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Making Remote Work, Work: Conversations Are The Key

by Stacey Engle, executive vice president at Fierce Conversations

As technology advances, so do the opportunities to successfully telecommute. For many small businesses, this option can seem like either the perfect situation or more of a burden than it’s worth. While every company is different, allowing employees to telecommute – either full time, once a week, or every once in awhile – takes a unique set of navigation skills beyond the job at hand. And most of these have to do with the role of conversations in any arrangement.

For those considering offering telecommuting options to their employees, or for those who already do, here are some tips for ensuring the arrangement is successful:

1. Continuous Conversations are Key. 

Before agreeing to let an employee work remote or hiring someone for a remote job, be sure to talk through your expectations, along with theirs. Being clear and upfront on hours you expect them to be available, types of communication and frequency required, any times you will need them in the office, etc. Once they’ve been telecommuting for a few weeks, check in again. What is working, and what isn’t? Adjust as you go to ensure both employee and manager are satisfied with the situation. Decide what the appropriate cadence is for these check-ins, but make sure they are happening.

2. Provide the Right Tools for Communication.

Exactly what you will provide depends on the agreement you have, but beyond the hardware (computer, etc.) ensure you have the technology set up to make communicating and collaborating easy. Services like internal chat platforms (such as Slack), SharePoint sites and sharing folders in the cloud. The technological form of collaboration should be easy, and even if employees are in different locations, conversations remain critical.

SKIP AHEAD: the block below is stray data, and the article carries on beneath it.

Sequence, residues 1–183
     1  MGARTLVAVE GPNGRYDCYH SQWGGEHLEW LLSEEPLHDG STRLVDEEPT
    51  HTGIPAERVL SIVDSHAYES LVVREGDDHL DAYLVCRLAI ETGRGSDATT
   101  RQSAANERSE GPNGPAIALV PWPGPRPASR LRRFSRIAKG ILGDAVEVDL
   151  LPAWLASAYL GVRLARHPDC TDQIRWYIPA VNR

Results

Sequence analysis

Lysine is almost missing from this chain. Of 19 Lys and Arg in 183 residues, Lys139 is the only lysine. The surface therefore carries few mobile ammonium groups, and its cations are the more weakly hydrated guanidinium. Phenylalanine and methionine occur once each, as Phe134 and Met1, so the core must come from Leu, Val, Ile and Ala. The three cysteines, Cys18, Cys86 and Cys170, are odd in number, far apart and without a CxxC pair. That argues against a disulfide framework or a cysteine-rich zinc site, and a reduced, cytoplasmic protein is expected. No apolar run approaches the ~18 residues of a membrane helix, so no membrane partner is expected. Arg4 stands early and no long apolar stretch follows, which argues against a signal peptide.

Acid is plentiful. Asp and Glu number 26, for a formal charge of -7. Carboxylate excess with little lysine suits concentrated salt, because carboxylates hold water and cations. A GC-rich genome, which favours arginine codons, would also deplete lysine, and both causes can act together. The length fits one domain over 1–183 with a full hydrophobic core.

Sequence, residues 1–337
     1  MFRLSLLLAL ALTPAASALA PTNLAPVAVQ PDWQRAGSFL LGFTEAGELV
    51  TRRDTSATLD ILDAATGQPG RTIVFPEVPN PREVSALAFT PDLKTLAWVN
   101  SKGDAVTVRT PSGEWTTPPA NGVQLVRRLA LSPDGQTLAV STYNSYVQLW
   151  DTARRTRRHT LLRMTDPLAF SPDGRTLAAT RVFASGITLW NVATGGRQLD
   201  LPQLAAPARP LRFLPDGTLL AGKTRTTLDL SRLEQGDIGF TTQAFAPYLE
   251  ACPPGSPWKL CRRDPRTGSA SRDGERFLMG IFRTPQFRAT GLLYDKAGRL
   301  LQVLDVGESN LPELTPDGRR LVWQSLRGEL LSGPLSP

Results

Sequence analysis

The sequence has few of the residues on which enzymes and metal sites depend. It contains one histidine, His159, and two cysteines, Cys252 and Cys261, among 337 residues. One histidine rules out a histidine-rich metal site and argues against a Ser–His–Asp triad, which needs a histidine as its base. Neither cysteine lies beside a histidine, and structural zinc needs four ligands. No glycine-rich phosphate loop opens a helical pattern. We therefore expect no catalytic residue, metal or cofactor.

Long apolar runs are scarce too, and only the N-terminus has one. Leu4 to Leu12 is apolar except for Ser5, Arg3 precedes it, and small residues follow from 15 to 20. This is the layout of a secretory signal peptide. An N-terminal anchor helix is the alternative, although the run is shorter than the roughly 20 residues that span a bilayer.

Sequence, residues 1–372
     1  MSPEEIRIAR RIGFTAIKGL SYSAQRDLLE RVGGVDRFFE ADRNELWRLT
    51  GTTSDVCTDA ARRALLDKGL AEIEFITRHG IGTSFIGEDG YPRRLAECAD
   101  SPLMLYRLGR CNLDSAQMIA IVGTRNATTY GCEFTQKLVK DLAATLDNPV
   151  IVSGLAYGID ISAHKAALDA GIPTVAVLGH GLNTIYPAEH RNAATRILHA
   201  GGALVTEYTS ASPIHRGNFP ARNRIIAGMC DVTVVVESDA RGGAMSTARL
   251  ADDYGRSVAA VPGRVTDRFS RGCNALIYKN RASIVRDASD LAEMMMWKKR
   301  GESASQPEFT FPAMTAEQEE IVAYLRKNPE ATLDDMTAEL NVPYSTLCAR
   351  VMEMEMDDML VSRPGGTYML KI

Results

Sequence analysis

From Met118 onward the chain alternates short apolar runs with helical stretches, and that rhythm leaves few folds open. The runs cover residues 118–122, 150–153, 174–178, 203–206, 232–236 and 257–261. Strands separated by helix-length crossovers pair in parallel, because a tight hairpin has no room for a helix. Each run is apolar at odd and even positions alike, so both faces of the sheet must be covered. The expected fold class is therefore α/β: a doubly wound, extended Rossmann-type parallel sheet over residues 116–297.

3. Make Meetings Work.

Those dialing in to a call can be forgotten, so be sure to include them fully in the conversation. Although they aren’t sitting in the room, they have valuable ideas to add. Consider asking them to give an update early on, to ensure everyone is aware of their presence, and take the time to ask for their input. Ask specifically if they have questions or thoughts, as appropriate. It can be hard to find a way to chime in once a conversation really gets going.

4. Provide Opportunities for In-Person Interactions.

This isn’t always easy as people telecommuting may live far away from the main office, but when you can, provide opportunities for team members to meet face-to-face. This could mean an off-site once a year, or weekly meetings you expect the remote employee to attend. Even a short amount of face-to-face time can make communicating through technology more productive.

Trust Your Employees to be Accountable.

Without trust, there is nothing. Trust is BIG. Employees crave it, employers must give it, and people require it as a fundamental component to all relationships. Without it, there is hand-holding, micro-managing, clock-watching, and side-glancing paranoia–none if which is productive. Trust your employees to be accountable for the work at hand, just as they would if they were in the office. In most cases they are, and possibly being even more productive.

The bottom line is that telecommuting can be a great perk for your employees, and something that improves the overall moral, and company culture… if done right. As with anything, having the skills to succeed, and the openness to discuss issues as they arise, is critical.

 

Stacey Engle is a passionate self-starter with over ten years’ experience helping to build businesses through smart go-to market and innovative people strategies. As executive vice president at Fierce Conversations, Stacey leads the marketing strategy and branding efforts for the company. Over the past 7 years, Stacey has been a driver in Fierce’s double digit growth, landing the company consistently on the Inc.5000 list as well as receiving consecutive Best Places to Work and design awards.

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